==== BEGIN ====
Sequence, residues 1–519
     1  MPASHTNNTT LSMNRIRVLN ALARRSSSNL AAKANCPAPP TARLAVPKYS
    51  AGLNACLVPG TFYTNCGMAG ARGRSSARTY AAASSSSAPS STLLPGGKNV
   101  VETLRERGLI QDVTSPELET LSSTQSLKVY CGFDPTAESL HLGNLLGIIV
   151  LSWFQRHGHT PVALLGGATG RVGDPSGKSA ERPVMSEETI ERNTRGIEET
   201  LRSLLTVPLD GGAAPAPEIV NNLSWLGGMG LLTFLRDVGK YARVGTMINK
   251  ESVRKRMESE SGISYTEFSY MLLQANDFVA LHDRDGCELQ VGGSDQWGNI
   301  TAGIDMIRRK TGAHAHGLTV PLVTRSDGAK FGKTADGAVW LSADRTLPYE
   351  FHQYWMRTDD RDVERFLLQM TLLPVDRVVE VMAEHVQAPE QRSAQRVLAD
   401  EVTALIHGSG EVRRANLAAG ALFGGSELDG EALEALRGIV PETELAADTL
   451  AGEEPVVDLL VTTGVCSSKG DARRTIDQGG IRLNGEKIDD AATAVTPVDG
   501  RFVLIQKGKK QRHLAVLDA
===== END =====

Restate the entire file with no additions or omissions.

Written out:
Sequence, residues 1–519
     1  MPASHTNNTT LSMNRIRVLN ALARRSSSNL AAKANCPAPP TARLAVPKYS
    51  AGLNACLVPG TFYTNCGMAG ARGRSSARTY AAASSSSAPS STLLPGGKNV
   101  VETLRERGLI QDVTSPELET LSSTQSLKVY CGFDPTAESL HLGNLLGIIV
   151  LSWFQRHGHT PVALLGGATG RVGDPSGKSA ERPVMSEETI ERNTRGIEET
   201  LRSLLTVPLD GGAAPAPEIV NNLSWLGGMG LLTFLRDVGK YARVGTMINK
   251  ESVRKRMESE SGISYTEFSY MLLQANDFVA LHDRDGCELQ VGGSDQWGNI
   301  TAGIDMIRRK TGAHAHGLTV PLVTRSDGAK FGKTADGAVW LSADRTLPYE
   351  FHQYWMRTDD RDVERFLLQM TLLPVDRVVE VMAEHVQAPE QRSAQRVLAD
   401  EVTALIHGSG EVRRANLAAG ALFGGSELDG EALEALRGIV PETELAADTL
   451  AGEEPVVDLL VTTGVCSSKG DARRTIDQGG IRLNGEKIDD AATAVTPVDG
   501  RFVLIQKGKK QRHLAVLDA